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Pete Townshend, the legendary guitarist and songwriter for The Who, is one of the most decorated rock stars alive. He’s been inducted into the Rock N Roll Hall of Fame, received Kennedy Center Honors, and lifetime-achievement awards from both the Brit Awards and the Grammys. Pete’s iconic power chord-guitar style and early use of synthesizers established him as a musical innovator in the ’60s and ’70s.

After a string of chart-topping singles in the early ’60s, Pete set to work writing the first-ever rock opera, a project that became the double album TommyTommy is widely recognized as The Who’s breakout record, and is considered a masterpiece by many critics.

Following its release, Pete started writing songs and a script for a sci-fi epic called Life House. After that project was scrapped, the songs wound up on different releases from the band over the next decade including their 1971 classic, Who’s Next.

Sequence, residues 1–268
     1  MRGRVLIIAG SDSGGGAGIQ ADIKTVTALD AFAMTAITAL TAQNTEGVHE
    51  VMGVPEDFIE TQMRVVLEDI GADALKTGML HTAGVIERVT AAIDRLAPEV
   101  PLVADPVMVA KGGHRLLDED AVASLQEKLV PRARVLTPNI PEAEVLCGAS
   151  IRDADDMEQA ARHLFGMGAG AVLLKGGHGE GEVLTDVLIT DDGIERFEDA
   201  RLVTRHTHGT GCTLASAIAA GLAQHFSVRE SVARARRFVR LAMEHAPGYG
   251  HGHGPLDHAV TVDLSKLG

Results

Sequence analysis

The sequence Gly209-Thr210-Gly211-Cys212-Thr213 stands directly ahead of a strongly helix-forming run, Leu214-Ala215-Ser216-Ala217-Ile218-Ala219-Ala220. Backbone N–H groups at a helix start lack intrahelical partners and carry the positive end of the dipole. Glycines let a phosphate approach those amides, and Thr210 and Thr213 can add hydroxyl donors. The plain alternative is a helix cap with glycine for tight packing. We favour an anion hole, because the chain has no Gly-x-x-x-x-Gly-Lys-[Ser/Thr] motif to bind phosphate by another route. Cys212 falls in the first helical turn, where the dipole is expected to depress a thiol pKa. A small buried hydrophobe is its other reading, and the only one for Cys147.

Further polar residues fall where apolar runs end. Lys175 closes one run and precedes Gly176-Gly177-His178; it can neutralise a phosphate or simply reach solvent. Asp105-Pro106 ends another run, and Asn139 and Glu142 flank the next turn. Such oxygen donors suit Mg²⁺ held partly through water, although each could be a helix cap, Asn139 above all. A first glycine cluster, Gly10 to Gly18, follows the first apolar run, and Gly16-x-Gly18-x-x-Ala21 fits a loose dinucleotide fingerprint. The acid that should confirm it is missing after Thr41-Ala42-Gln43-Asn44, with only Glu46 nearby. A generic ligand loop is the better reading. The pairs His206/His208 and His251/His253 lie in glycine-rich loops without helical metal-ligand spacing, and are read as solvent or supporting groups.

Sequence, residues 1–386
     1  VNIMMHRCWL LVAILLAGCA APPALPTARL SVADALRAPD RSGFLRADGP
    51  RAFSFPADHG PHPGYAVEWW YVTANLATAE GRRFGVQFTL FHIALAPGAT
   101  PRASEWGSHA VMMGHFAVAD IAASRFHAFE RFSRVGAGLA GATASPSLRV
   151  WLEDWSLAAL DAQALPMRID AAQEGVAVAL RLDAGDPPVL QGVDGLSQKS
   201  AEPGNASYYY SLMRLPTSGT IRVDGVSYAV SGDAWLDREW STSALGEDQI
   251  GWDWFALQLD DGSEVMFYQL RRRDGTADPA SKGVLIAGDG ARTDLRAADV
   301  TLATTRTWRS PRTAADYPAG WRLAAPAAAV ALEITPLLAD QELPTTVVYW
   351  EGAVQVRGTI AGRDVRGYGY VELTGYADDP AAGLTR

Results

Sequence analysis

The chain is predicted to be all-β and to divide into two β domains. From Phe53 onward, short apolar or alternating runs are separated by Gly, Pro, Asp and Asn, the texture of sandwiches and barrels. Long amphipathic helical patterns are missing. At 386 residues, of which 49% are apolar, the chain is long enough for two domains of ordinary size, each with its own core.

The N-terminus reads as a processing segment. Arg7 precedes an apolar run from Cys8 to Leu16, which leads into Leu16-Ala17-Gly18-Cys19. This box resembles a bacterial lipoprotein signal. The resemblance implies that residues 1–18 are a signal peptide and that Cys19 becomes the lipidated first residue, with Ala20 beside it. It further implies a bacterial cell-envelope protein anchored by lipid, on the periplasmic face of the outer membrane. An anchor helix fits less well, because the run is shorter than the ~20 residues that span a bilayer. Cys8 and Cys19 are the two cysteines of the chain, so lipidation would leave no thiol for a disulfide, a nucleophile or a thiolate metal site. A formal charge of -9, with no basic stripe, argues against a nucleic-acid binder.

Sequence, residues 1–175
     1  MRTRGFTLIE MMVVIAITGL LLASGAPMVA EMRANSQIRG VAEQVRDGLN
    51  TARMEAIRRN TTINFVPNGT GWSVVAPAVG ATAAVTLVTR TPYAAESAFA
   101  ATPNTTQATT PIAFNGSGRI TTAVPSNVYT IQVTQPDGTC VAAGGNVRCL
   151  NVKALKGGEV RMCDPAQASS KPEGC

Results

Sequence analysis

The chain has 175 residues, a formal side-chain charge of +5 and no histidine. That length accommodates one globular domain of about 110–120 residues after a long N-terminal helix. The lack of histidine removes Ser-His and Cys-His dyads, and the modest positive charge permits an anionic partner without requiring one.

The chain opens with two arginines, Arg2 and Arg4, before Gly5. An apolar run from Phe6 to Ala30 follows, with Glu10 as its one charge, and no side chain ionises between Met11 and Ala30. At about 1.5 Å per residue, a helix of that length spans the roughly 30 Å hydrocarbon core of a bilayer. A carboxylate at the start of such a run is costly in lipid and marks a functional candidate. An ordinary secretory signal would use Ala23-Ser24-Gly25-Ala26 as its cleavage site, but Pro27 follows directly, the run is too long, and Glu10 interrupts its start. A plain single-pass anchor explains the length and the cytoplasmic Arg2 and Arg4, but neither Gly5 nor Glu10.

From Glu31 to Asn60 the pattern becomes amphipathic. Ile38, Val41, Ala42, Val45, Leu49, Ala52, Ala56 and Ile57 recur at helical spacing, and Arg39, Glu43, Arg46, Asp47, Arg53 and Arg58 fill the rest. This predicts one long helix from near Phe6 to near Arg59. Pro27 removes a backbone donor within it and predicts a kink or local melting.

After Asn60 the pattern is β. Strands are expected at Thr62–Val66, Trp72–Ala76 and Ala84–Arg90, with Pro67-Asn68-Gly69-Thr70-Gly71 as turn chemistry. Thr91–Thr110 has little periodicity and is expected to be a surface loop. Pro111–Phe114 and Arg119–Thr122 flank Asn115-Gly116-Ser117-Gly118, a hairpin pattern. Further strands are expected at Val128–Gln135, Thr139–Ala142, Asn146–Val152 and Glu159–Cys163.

Last month The Who released an epic box set called Who’s Next/Life House that contains 155 tracks, 89 of which are unreleased. The set also includes a graphic novel, unheard demos, complete live concerts, posters and collectable pins.

On today’s episode Justin Richmond talks to Pete Townshend about how some of the ill-fated effects of technology that he predicted on Life House have come to pass. Pete also explains why he decided to target a specifically male audience when writing music for The Who. And he gives an unexpected take on the Grateful Dead and San Francisco’s music scene in the ’60s.

You can hear a playlist of some of our favorite Pete Townshend songs HERE.

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